A 10-page summary was released on 15 March. It does not go into details about those implicated at the firm but gives a window into the actions that led to 95% of Steinhoff’s market value being erased.
Markus Jooste, who was at the helm when the irregularities at Steinhoff came to light, has been unavailable for comment about the contents of the report.
Questionable deals and inflated earnings
The report details an elaborate network of transactions between companies which allowed Steinhoff to inflate its earnings and hide the extent of its debt.
It would appear that Steinhoff entered into transactions with companies that on the face of it would seem to be completely independent. It now has come to light that these entities were all closely related to a small group of ex-Steinhoff executives and outsiders.
During the period from 2009 to 2017 $7.4 billion worth of transactions took place between Steinhoff and the eight firms in question, as reported by Money Web. Steinhoff said in its summary of the report:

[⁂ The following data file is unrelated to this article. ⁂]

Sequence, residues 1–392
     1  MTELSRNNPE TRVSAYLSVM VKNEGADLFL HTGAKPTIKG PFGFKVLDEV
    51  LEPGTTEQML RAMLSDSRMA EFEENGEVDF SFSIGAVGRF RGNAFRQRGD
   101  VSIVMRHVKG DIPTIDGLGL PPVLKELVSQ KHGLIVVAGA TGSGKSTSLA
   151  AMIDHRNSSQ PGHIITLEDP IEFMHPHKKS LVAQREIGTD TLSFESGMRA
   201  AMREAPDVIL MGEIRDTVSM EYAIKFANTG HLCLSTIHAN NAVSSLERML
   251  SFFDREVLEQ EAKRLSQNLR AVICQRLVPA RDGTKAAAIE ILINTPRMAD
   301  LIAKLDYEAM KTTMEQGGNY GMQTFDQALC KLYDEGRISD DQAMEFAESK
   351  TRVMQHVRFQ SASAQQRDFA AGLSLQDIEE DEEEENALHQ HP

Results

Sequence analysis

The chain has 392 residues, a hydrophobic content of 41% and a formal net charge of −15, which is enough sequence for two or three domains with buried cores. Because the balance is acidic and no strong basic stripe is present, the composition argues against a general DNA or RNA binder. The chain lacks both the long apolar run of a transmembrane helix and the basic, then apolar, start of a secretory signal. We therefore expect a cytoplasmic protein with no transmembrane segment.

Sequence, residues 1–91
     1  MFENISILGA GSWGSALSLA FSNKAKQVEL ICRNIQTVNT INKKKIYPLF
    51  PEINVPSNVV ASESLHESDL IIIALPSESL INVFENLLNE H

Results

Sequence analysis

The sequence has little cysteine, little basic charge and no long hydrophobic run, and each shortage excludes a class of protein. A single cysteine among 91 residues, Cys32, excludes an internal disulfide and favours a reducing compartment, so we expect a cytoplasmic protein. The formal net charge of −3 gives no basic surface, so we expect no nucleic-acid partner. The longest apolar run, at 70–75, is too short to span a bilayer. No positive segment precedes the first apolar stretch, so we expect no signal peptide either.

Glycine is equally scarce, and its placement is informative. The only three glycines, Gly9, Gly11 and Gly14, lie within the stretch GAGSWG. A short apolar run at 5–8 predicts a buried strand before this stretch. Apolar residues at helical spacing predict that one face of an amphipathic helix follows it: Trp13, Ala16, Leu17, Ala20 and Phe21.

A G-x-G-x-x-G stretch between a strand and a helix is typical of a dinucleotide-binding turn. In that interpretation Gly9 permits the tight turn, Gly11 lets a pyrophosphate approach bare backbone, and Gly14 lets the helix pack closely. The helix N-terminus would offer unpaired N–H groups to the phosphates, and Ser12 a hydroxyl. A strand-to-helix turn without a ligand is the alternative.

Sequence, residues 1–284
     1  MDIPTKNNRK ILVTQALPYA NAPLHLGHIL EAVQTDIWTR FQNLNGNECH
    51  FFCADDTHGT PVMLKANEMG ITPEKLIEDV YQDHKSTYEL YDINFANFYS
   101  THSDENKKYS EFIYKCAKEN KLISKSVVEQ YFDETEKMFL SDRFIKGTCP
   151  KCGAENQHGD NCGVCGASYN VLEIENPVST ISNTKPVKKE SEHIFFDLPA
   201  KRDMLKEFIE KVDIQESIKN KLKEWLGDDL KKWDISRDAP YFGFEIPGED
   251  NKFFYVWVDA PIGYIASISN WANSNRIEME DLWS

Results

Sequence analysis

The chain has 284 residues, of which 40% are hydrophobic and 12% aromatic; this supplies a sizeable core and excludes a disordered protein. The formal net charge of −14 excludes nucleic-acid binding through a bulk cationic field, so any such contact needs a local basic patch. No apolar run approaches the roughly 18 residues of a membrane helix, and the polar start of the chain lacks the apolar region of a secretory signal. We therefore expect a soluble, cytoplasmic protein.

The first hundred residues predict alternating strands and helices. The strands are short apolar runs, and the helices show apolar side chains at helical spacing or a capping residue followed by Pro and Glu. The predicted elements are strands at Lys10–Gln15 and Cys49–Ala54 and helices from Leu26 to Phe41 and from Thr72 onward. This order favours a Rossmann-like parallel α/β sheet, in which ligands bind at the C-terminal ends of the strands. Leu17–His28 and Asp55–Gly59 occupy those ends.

“The transactions identified as being irregular are complex, involved many entities over a number of years and were supported by documents including legal documents and other professional opinions that, in many instances, were created after the fact and backdated.”
The “fictitious and/or irregular” transactions between Steinhoff and these outside firms as well within the Steinhoff group is said to have had the effect of inflating the overall value of the firm.
The PwC report will put further pressure on the Hawks to act against Jooste and anyone else implicated. Up to now, the corruption watchdog has failed to act in the matter claiming that they were awaiting additional information about the scandal.
Watch: Devan Murugan discusses the report
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